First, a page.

“Game of Thrones” (GOT) has left our screens forever, but there are some lasting leadership lessons that we can take from it.
And each leader has their own distinct leadership style. Just as the characters of GOT divide and conquer, strategize or deliver empowering speeches to head their armies, so do business leaders.
Daenerys Targaryen: The Democratic Leader
Daenerys leads with grace and fairness – and a certain fierceness that just naturally comes with having dragons at your command. Like a true democratic leader, she is equitable in considering advice and opinions as she communicates all the way through the chain of command but still holds final decision-making responsibility.
Mastercard president and CEO Ajay Banga could be considered an everyday democratic leader. Banga is known for being able to break down traditional barriers between executives and middle management, promoting inclusivity. Under Banga’s leadership, Mastercard ranked fourth on DiversityInc’s 2018 list of the top 50 most diverse companies and has committed to closing the gender pay gap.
Cersei Lannister: The Autocratic Leader
Autocratic leadership is based on the idea that there is one boss, and that boss generally embodies the ‘my way or the highway’ mantra. Cersei is Queen, and she doesn’t care what others think of her and stands by her choices. Autocratic leaders often make decisions on their own, communicate those decisions to subordinates and expect prompt execution – with little to no flexibility.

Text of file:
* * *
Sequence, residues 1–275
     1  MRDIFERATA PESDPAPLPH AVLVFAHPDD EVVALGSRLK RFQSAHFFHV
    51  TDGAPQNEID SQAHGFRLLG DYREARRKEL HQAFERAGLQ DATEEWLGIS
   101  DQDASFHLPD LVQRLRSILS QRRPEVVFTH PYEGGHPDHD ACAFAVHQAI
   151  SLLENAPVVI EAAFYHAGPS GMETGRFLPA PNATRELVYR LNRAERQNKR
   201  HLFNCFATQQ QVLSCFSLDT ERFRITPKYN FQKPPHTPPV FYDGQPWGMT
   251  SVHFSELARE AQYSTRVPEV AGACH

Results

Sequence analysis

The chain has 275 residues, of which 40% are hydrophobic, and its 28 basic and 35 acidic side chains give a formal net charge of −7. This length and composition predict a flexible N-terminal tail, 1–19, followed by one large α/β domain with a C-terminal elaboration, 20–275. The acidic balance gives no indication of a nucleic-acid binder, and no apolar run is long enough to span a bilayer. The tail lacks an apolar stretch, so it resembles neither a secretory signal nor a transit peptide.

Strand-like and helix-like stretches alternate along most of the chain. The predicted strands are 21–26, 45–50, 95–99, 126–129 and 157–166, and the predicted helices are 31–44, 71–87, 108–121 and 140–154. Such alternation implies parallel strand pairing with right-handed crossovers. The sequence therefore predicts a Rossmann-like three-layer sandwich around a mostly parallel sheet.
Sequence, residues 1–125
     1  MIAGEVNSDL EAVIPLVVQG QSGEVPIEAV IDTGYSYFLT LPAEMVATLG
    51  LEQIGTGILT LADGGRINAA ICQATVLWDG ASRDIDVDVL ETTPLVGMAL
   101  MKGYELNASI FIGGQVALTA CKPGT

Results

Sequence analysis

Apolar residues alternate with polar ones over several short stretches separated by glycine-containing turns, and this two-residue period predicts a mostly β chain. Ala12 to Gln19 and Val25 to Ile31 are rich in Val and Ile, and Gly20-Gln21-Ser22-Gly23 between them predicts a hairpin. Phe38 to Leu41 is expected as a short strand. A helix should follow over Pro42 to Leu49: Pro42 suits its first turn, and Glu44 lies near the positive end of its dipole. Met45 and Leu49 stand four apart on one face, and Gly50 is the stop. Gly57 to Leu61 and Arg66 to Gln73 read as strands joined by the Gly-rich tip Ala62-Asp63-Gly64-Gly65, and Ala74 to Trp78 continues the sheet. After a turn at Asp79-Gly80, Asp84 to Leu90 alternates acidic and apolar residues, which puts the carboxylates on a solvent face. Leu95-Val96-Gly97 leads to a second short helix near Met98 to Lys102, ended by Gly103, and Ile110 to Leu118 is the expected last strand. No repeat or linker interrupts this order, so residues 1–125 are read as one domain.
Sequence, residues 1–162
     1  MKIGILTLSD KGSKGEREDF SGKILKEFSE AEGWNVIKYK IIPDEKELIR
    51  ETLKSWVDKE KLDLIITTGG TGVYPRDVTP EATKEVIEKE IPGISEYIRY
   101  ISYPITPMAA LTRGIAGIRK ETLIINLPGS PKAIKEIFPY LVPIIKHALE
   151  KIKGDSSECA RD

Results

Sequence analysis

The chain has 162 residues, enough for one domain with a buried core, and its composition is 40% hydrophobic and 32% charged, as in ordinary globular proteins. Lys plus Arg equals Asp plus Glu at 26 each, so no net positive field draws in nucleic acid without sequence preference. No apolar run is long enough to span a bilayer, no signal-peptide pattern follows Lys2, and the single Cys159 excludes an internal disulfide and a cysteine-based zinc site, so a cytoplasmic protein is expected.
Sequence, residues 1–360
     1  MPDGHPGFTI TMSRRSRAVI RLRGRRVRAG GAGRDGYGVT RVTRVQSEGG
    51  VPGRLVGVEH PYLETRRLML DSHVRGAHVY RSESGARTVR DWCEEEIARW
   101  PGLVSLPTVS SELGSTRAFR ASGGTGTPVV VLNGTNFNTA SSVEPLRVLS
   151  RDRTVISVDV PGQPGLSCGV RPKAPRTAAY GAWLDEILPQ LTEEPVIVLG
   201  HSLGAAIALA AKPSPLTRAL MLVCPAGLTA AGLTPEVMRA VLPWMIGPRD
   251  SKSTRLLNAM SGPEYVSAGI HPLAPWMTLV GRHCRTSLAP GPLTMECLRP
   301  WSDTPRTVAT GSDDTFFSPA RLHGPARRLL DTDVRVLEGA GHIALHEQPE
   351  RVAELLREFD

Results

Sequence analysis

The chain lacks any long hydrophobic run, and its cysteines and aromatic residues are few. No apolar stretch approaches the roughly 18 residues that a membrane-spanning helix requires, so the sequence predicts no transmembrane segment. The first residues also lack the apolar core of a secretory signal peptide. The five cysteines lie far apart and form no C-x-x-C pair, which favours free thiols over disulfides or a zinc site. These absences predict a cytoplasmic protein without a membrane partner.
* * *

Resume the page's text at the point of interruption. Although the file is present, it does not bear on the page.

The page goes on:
In his time heading the Trump organization, Donald Trump has been labeled an autocratic leader.
The Night King: The Transformational Leader
The Night King literally transforms individuals into someone else entirely. Creating change throughout an entire organization is what transformational leaders do best, often setting challenging goals at both a group and individual level to drive high performance.
The Night King wants to bring winter to all of Westeros – it’s ambitious, but there is no denying that every one of his White Walkers are dedicated to fulfilling his vision, even if it means fighting to the death. Plus, he’s got a dragon he’s managed to convert into his band of followers.
Not all transformational leaders are evil like the Night King, of course. Nelson Mandela is considered by some an example of transformational leadership, known for motivating his followers to achieve more by engaging with “charisma, inspiration, individualized attention and intellectual stimulation.”
Jon Snow: The Servant Leader
Jon Snow wants to serve everyone else before himself, with his actions underpinned by a strong sense of ethics and morality. A servant leader focuses on driving the growth and wellbeing of the people and communities to which they belong.
Rather than placing power at the “top of the pyramid,” the servant leader shares power, prioritizes the needs of others and seeks to develop and support individuals so that they can lift their performance to new levels. Servant leaders are also empathetic – just look at Jon Snow’s relationship with Sam Tarly.
My view is that Microsoft CEO Satya Nadella is a servant leader who has empathy at his core. Under Satya’s leadership, Microsoft’s vision has become “to empower every person and every organization on the planet to achieve more.” He also believes empathy makes a better innovator.
Focusing on empathy and consciously trying to see things from others’ perspectives is the leadership style I also abide by. I’ve also embodied karmic leadership principles, which relates to cause and effect and the notion of karma: “what goes around comes around.” And so far, it’s hugely benefited my business and our diverse organizational culture.
So what type of leader are you? If you’re not getting the results you want, maybe it’s time to reassess and try out a new leadership style.